Less is More: The Recipe For successful Products
In a rapidly evolving and highly competitive environment, how does one adapt to market pressures with consistently better products, processes and organizational environment? How can an enterprise achieve this adaptive state to achieve greater market share and revenue growth?
Studies show that human imaginations, desires, needs and wants to grow at a faster pace than the rate at which systems and technologies can support.
Business agility is not easy to define as it encompasses several aspects within an organization such as organization design, adaptive leadership, governance and strategy as well as Agile practices outside IT. The need of the hour is to sense and respond to customer and market needs with disruptive products and services in an immediate friction less manner.
My session will present insights into some of the emergent practices, that can help succeed organizations in maximizing return on investments, by minimizing non-value-added features and activities in the Product Development. I will complement with a case-study on the suggested approach to Agile Product Management.
Outline/Structure of the Presentation
1) The Context: What Motivates Agile Adoption So far? – Why Change?
Faster Time to Market, Better Quality, or More value delivery?
2) Have we achieved this?
3) Where Are We Today: Reflection on New Product Failure Rates by Industry with statistics
Source: Myths About New Product Failure Rates by George Castellion and Stephen K. Markham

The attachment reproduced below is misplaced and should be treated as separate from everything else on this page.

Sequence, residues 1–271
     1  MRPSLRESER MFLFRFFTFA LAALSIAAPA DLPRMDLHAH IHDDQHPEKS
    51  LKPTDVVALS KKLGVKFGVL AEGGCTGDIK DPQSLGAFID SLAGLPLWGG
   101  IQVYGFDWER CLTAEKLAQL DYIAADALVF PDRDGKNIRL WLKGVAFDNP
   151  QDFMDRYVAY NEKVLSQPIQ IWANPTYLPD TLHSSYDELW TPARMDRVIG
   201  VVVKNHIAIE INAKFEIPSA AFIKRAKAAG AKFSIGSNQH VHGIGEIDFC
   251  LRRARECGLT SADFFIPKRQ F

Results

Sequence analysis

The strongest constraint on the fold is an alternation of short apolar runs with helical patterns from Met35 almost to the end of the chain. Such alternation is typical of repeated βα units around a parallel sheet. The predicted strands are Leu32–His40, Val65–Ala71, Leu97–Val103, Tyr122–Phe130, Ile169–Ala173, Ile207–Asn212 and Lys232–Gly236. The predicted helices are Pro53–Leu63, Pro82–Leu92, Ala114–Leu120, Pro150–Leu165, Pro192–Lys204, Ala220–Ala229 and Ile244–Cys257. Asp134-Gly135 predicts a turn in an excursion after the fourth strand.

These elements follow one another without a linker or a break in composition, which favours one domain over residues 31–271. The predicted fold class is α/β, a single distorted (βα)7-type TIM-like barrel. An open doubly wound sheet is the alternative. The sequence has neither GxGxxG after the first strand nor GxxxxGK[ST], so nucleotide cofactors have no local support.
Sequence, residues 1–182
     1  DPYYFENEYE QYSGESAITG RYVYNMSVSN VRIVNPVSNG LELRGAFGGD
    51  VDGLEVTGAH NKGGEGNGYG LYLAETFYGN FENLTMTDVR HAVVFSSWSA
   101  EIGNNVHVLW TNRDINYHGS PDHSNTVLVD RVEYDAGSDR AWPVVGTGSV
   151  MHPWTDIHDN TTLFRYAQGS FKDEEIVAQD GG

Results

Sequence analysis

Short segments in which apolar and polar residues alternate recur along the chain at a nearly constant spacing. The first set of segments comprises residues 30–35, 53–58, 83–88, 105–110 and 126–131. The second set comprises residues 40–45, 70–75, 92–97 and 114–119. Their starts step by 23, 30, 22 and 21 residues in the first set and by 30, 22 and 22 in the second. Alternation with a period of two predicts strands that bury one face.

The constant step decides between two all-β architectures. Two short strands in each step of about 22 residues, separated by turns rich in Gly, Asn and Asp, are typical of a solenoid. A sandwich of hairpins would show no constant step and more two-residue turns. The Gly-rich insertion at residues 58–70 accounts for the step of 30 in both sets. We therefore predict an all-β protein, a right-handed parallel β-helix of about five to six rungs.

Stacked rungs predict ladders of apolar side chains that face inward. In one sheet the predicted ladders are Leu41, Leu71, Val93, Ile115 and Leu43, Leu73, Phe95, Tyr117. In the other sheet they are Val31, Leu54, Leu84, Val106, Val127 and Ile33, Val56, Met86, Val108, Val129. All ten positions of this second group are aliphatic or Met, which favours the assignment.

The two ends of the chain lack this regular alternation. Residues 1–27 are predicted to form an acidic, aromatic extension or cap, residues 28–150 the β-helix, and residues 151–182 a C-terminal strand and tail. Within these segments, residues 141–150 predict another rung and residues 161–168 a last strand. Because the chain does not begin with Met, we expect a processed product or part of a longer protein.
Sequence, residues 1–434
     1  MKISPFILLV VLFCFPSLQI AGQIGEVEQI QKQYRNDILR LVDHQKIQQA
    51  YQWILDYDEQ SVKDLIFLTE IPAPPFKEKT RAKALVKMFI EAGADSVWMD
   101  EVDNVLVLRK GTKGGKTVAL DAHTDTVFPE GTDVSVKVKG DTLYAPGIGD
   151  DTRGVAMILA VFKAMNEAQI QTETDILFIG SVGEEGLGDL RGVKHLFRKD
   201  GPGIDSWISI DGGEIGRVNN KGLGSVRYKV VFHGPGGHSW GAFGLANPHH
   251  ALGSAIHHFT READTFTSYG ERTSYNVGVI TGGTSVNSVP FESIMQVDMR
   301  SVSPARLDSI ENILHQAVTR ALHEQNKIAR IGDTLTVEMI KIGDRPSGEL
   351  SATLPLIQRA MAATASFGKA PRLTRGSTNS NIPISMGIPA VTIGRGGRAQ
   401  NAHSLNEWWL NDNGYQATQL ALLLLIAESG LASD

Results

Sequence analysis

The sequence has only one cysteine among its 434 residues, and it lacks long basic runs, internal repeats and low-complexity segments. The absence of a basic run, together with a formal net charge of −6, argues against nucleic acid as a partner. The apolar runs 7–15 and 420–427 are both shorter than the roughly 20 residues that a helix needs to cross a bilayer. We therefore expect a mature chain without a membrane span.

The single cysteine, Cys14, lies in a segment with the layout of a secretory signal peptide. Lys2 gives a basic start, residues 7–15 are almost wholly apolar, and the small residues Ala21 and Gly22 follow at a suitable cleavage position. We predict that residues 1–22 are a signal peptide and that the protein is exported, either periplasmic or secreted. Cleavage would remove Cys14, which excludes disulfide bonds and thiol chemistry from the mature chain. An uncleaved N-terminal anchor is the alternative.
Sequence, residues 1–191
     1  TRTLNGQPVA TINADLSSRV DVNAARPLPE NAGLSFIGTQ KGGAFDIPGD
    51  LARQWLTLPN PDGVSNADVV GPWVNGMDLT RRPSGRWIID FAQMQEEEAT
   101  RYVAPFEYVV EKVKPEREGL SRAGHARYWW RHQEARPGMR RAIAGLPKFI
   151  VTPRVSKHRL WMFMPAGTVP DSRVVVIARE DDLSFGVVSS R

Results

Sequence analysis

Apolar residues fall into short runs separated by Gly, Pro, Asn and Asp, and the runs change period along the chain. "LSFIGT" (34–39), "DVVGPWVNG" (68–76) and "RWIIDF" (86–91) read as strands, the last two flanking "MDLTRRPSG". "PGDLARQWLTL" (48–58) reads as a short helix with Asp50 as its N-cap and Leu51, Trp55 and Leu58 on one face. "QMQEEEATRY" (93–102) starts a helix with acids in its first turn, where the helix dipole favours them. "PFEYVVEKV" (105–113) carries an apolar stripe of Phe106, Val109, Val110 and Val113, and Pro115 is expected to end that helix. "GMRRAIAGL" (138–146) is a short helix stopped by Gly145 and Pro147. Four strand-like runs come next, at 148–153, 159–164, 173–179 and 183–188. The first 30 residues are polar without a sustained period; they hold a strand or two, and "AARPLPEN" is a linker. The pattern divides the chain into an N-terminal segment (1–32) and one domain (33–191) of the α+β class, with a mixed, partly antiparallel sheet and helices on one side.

4) Whats the Way Forward to successful Products? Inspiration from the Lean Start-Up approach to product development
5) Case-Study of "Expanding to a New Market by Global Financial Major" addressing focus areas around the LOPDE Change Management approach:
3) Product / Business Strategy
1) The Power of Simplicity - Maximizing value by minimizing the amount of non-value adding activities is essential
2) Success to complex product development is evidence based - which relies on the Power of Feedback - There is no real feedback unless the customer can see it and use the product. This is where Scrum naturally fits into complex product development
3) Gain Competitive Advantage by being aware of the Cost of Delay - Longer lead times are deterrent to this. Hence, do not spend time merely in developing features, but validate to avoid surprises, sometimes by gaining initial customers, the product evolves over time. Examples of Flipkart, Uber etc. .....
All, Relevant to Product Owners
Prerequisites for Attendees